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Young paraplegic reborn for Paralympics
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For the 20-year-old Guo Yandong, life seemed to end where it has just begun when he lost both legs in a fall-off accident two years ago, but his later wheelchair basketball story was a testimony that destiny is not a matter of chance, it is a matter of choice.

Guo Yandong is competing in Wheelchair Basketball International Invitation Tournament.

Guo Yandong is competing in Wheelchair Basketball International Invitation Tournament.  

Guo, who used to be a migrant worker in Beijing, is competing with the Chinese national wheelchair basketball team in a test event for the Beijing Paralympic Olympic Games in September.

"I cannot live without basketball. I want to see how much I can do in the sport," said a suntanned Guo, whose team lost to Australia 52-24 in the semifinals of the Wheelchair Basketball International Invitation Tournament on Thursday.

"When the team takes a holiday, I can't help thinking about coming back to see my teammates and to play again."

Guo, who started to play wheelchair basketball with a Beijing team, came in spotlight by leading the team all the way to the top at last year's National Games for People with Disabilities, in which he averaged about 20 points.

Guo's amazing skills earned him a call-up to the national team which is shaping up for the Paralympics. On the day an official notice reached him, Guo was so excited that he didn't sleep a wink that night.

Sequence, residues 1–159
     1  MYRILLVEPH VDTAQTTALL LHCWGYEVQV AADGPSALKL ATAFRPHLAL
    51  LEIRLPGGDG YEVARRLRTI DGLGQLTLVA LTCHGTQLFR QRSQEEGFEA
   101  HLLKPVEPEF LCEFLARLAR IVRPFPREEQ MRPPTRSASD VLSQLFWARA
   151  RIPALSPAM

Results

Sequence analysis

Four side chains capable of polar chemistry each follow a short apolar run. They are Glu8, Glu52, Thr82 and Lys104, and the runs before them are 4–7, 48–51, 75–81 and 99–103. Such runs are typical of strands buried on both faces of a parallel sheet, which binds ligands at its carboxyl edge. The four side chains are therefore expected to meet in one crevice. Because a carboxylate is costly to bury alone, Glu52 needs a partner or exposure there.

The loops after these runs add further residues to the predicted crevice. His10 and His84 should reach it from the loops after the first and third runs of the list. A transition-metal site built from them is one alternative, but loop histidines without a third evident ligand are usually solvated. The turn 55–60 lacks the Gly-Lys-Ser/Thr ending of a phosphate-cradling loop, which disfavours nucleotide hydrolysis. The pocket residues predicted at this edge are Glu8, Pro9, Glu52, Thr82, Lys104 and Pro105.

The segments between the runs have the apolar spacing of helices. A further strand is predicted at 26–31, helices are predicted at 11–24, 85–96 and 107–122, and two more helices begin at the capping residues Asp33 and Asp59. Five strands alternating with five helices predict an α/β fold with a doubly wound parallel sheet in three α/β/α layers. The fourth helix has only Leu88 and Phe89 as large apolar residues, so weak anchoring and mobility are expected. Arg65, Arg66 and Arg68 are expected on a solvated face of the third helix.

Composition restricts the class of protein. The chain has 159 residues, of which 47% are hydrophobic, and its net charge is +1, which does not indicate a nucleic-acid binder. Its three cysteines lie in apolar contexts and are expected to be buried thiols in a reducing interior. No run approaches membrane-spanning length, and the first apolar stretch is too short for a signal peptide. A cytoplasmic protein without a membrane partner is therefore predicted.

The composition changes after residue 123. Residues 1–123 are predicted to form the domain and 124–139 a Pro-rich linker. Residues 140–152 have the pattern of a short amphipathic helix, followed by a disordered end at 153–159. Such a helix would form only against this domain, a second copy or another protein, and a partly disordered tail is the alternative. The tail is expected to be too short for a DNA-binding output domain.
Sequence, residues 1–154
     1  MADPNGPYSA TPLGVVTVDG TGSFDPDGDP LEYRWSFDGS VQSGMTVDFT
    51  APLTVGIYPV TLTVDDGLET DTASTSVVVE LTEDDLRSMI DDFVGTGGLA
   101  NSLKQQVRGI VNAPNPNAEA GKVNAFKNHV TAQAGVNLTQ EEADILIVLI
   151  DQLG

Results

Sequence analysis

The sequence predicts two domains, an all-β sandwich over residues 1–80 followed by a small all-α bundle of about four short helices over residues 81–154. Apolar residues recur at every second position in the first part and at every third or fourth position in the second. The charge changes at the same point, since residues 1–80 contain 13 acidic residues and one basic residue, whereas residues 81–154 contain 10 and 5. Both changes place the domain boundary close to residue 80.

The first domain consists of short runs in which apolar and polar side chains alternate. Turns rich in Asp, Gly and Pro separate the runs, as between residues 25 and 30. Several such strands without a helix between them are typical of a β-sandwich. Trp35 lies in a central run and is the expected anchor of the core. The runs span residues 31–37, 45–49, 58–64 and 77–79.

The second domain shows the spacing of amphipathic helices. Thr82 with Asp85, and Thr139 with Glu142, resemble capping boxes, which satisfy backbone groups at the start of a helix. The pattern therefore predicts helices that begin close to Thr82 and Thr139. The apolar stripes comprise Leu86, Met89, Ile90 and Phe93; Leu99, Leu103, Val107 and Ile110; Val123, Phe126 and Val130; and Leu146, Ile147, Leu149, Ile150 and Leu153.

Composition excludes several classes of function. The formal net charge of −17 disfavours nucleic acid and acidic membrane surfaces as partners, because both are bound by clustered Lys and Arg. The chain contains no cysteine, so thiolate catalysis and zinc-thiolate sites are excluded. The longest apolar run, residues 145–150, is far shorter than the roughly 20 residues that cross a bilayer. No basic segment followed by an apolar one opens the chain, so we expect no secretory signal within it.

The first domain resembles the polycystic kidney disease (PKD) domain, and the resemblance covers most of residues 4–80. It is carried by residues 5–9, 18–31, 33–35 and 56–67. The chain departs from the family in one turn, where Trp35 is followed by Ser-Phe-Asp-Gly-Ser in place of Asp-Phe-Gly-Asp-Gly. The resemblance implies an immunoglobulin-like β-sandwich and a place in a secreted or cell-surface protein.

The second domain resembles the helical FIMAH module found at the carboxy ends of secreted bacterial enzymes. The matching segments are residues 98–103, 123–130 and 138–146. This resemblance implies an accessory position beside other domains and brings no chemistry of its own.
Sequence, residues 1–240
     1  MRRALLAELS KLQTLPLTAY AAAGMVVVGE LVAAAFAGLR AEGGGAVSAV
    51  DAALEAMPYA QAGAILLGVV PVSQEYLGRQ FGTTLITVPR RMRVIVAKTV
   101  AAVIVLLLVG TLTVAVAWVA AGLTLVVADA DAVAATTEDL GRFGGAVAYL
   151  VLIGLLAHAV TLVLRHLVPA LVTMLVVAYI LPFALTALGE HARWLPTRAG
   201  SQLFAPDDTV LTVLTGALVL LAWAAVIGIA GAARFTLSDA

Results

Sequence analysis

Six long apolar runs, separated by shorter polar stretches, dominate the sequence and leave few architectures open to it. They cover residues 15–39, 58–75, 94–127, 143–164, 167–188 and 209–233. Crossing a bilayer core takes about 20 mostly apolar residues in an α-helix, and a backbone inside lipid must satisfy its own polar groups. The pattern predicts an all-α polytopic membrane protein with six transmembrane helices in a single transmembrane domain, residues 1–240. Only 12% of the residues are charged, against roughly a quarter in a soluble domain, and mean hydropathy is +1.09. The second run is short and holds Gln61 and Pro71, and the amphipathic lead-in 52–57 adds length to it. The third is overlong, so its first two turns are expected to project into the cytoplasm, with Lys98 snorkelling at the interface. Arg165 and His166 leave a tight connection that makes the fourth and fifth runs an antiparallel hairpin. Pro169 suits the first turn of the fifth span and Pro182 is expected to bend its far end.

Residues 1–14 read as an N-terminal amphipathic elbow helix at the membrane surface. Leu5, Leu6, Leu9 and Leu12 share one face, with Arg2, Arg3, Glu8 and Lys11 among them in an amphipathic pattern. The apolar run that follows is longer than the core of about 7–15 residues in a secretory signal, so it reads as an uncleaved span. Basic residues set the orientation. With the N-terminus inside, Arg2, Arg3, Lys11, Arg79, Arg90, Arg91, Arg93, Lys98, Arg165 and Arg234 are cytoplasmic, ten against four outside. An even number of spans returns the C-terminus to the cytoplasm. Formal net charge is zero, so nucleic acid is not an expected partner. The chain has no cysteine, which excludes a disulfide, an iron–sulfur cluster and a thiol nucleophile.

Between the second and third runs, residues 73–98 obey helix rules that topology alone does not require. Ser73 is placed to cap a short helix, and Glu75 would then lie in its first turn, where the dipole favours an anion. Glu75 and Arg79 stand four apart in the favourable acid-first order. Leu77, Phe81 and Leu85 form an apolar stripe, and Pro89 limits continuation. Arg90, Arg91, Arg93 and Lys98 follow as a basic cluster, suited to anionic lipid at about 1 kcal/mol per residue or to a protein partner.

"Basketball is a consolation, which helps me forget my tragedy and the lawsuit I am fighting," he said.

A poor farmer from Suqian in eastern China's Jiangsu province, Guo quitted middle school and moved to Beijing in 2005 to "seek a fortune", as he put it. He landed a job as a painter on a building site.

Fortune, however, did not smile on him. A fatal ninth-story fall drove him to the abyss of despair. It was a miracle he did not die, doctors said later.

Languishing in the hospital ward, the then 17-year-old was thinking about ending his own life.

"I don't feel anything below my chest. I'm going to spend the rest of my life in a wheelchair. I don't think I can make it, and I don't want to live anymore," Guo recalled his despair.

His suicide attempt was stopped by his father.

It was in the China Rehabilitation Research Center where he started to open his mind. Like the hospital, the center could do nothing to his legs, but the rehab programs turned him into one ofthe most upbeat and positive patients there.

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